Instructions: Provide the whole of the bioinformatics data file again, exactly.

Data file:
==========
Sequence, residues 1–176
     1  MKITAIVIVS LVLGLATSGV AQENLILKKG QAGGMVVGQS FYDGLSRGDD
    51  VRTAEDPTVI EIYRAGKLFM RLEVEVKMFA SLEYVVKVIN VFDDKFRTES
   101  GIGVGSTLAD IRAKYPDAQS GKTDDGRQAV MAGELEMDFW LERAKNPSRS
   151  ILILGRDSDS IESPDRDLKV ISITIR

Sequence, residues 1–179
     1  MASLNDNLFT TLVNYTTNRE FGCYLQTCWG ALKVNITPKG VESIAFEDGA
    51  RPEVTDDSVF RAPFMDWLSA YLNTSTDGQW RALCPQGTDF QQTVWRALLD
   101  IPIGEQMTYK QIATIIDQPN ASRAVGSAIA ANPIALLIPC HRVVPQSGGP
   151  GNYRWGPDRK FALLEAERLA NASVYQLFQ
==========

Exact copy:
Sequence, residues 1–176
     1  MKITAIVIVS LVLGLATSGV AQENLILKKG QAGGMVVGQS FYDGLSRGDD
    51  VRTAEDPTVI EIYRAGKLFM RLEVEVKMFA SLEYVVKVIN VFDDKFRTES
   101  GIGVGSTLAD IRAKYPDAQS GKTDDGRQAV MAGELEMDFW LERAKNPSRS
   151  ILILGRDSDS IESPDRDLKV ISITIR

Sequence, residues 1–179
     1  MASLNDNLFT TLVNYTTNRE FGCYLQTCWG ALKVNITPKG VESIAFEDGA
    51  RPEVTDDSVF RAPFMDWLSA YLNTSTDGQW RALCPQGTDF QQTVWRALLD
   101  IPIGEQMTYK QIATIIDQPN ASRAVGSAIA ANPIALLIPC HRVVPQSGGP
   151  GNYRWGPDRK FALLEAERLA NASVYQLFQ